Methadone Maintenance Treatment & Employment: What Are My Rights?
For over 50 years, methadone maintenance treatment has remained the treatment standard for helping recovering addicts overcome the effects of chronic opiate addiction. Methadone maintenance treatment, also known as MMT, offers addicts considerable relief from the residual effects of opiate addiction on the body. MMT also includes a behavioral component that works to address the damaging effects opiate addiction has on a person’s thinking and behavioral styles.
While methadone’s use in addiction treatment is well known, some workplace environments lack an understanding how methadone maintenance treatment works. Under these conditions, a person’s workplace rights may be infringed upon to the detriment of his or her recovery process. Understanding your rights in the workplace goes a long way towards ensuring you can take advantage of MMT benefits without compromising your employment status.
Methadone’s Purpose in Opiate Addiction Treatment
Chronic opiate addictions leave behind certain aftereffects that make it difficult for recovering addicts to maintain abstinence for any length of time. According to the U. S. Department of Health & Human Services, methadone, a synthetic opiate drug, helps to relieve these effects in recovery, which greatly increases the likelihood of ongoing abstinence. Methadone’s therapeutic effectiveness relies on proper dosage administration throughout the course of treatment.
Methadone Maintenance Treatment Components
While medication treatment makes up a big part of the MMT process, methadone’s effects only address the physical aftereffects of addiction, leaving the psychological aspect of addiction unchanged. For these reasons, methadone maintenance treatment also includes a behavioral component that’s designed to help a person undo the damaging effects of addiction on his or her lifestyle. Behavioral treatment interventions used include:
- Psychotherapy sessions
- Group therapy sessions
- Drug education and counseling
- Regular support group attendance
Your Rights Under the Law
Under federal law, people recovering from addiction have the same rights as people living with physical disabilities. According to the U. S. National Library of Medicine, two pieces of legislation uphold your rights in the workplace in this respect: the Americans with Disabilities Act and the Federal Rehabilitation Act. In effect, these federal protections require employers to make certain accommodations for employees receiving methadone maintenance treatment.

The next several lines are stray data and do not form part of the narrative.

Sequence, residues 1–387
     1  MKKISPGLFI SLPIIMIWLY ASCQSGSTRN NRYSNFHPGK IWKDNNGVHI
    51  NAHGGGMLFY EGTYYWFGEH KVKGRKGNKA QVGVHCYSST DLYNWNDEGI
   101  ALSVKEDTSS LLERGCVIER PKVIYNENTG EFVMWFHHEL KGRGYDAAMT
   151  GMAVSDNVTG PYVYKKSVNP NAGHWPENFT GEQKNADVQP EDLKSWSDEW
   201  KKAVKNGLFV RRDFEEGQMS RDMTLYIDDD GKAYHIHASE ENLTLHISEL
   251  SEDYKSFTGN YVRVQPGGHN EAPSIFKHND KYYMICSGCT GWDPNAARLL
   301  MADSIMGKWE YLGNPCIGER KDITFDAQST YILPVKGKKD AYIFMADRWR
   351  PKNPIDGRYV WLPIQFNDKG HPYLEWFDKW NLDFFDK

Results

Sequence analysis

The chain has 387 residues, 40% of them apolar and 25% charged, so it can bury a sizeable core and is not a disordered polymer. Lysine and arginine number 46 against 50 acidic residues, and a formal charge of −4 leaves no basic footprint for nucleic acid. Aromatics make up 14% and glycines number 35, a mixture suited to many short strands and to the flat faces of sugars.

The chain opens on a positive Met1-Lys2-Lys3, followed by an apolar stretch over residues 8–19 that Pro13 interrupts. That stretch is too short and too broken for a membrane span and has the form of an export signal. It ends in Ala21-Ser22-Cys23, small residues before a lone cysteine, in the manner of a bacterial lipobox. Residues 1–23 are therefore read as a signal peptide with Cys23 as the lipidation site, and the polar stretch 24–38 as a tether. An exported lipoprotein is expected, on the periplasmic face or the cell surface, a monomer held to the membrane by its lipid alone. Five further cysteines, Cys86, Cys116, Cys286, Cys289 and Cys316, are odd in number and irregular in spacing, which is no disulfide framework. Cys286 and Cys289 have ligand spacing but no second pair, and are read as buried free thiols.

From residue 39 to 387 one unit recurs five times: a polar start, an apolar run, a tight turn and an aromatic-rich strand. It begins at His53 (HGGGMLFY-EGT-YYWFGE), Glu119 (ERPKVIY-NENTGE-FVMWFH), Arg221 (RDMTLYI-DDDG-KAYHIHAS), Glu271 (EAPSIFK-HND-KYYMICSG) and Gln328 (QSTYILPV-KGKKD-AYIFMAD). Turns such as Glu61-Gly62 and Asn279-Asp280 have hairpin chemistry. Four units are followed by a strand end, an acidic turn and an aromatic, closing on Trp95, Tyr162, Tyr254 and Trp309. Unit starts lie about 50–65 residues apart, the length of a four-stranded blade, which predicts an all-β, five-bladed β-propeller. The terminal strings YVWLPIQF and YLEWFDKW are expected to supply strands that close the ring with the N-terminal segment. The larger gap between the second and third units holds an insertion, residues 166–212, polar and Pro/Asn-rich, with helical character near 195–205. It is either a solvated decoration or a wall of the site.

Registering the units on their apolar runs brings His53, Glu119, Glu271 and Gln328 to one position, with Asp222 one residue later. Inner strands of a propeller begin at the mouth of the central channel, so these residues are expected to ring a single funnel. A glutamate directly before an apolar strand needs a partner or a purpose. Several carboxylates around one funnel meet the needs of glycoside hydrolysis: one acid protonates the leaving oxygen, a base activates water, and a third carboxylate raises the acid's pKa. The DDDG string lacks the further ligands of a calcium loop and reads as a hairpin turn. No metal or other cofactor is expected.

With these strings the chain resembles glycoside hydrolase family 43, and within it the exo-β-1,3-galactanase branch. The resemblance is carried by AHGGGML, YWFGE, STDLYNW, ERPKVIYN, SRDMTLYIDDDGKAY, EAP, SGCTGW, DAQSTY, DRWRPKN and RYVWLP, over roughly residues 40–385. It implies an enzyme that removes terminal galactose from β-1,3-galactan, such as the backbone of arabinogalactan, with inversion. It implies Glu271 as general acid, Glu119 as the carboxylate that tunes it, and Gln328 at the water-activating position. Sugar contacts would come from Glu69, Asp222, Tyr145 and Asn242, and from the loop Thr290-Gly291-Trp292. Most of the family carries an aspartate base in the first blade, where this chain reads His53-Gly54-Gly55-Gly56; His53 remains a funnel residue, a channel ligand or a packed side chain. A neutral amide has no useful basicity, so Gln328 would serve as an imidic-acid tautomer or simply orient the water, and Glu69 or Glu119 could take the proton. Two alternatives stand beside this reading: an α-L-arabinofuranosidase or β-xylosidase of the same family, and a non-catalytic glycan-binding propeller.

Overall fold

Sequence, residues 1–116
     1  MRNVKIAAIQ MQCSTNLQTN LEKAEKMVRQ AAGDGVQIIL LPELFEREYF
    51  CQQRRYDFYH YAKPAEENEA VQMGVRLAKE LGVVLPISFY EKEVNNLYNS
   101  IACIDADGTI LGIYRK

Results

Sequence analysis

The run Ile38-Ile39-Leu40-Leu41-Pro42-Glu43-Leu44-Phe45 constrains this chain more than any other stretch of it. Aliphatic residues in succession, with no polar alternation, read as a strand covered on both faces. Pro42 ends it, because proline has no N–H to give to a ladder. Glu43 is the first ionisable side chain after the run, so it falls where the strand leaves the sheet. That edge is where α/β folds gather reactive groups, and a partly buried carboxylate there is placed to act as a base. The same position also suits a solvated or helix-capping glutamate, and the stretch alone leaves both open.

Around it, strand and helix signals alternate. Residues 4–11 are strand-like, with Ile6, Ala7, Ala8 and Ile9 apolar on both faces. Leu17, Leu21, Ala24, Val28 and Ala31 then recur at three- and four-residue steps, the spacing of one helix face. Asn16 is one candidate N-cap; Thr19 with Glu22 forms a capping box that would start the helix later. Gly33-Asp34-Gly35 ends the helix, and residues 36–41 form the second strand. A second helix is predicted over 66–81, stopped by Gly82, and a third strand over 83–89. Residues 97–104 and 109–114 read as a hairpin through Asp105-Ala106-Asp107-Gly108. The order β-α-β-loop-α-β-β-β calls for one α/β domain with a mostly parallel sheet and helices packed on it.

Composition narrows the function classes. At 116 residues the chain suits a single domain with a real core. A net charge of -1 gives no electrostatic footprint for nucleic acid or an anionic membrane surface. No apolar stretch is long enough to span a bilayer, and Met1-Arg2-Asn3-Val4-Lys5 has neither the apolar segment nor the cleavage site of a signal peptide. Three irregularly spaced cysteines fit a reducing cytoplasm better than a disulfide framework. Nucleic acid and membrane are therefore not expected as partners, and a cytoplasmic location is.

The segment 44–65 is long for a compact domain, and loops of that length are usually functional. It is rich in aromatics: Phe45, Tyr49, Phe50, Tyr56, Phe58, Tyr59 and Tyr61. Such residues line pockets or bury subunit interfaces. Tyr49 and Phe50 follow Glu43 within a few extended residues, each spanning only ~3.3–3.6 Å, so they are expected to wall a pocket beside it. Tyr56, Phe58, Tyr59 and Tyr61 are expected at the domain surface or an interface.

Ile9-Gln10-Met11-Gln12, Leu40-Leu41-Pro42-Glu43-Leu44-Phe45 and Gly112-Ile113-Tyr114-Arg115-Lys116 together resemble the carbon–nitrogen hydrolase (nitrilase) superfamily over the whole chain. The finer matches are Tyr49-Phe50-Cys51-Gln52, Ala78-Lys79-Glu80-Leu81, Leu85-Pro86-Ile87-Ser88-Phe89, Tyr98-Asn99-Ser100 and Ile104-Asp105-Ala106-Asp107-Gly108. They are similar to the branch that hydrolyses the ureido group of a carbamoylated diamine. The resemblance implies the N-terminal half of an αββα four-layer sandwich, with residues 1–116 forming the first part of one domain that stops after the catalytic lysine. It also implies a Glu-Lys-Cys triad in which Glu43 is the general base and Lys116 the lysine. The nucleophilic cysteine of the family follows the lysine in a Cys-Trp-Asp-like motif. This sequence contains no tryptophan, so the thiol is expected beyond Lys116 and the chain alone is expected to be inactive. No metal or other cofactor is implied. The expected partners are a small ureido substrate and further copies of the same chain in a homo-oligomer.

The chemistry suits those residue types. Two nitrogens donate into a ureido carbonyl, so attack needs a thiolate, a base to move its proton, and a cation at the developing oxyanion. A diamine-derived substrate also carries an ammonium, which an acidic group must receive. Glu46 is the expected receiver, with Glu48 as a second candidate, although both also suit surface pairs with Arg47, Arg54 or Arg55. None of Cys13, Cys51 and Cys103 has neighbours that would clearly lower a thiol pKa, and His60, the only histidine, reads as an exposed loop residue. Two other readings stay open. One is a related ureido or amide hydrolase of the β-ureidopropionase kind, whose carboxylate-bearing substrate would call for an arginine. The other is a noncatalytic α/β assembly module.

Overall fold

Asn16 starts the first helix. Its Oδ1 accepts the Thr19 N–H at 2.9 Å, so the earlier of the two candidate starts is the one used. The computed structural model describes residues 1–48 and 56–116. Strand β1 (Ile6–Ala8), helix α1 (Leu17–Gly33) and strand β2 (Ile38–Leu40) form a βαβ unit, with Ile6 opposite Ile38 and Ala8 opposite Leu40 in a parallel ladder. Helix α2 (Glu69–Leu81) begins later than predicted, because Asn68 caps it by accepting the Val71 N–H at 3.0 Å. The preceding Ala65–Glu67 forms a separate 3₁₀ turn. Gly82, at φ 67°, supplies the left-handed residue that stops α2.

Medical Leave Options
Ongoing dosage adjustments can be expected during the early stages of methadone maintenance treatment. In some circumstances, a person may need to take time off from work during these times. Federal law prohibits employers from denying a person medical leave for MMT treatment purposes.
Drug Testing Provisions
As many employers conduct periodic and sometimes, random drug testing on their employees, methadone’s classification as an opiate drug may raise some red flags. In the event a drug test comes up positive, employers must waive these results as long as you can provide documentation that shows you’re currently receiving methadone maintenance treatment
Other Workplace Provisions
As people receiving MMT must attend all scheduled sessions as a condition of methadone treatment, other workplace provisions exist to ensure a person can meet his or her MMT program requirements. According to the U. S. National Library of Medicine, your workplace rights in this respect include:
- Cannot be terminated on the basis of time spent in treatment
- Employers are required to make reasonable scheduling accommodations when a person has therapy sessions, doctor’s appointments or other treatment requirements to fulfill
- Employers may have to restructure a person’s job responsibilities to accommodate his or her mental or physical condition
- Employers cannot deny employment to a job applicant on the basis of his or her participation in MMT
Ultimately, a person’s workplace rights while in methadone maintenance treatment help to protect one’s job status while supporting his or her efforts in recovery.
If you have any further questions about MMT or other treatment-related workplace issues, please feel free to call our toll-free helpline at 800-891-9360(Who Answers?) for more information. Our phone counselors can also help connect you with methadone maintenance treatment programs in your area.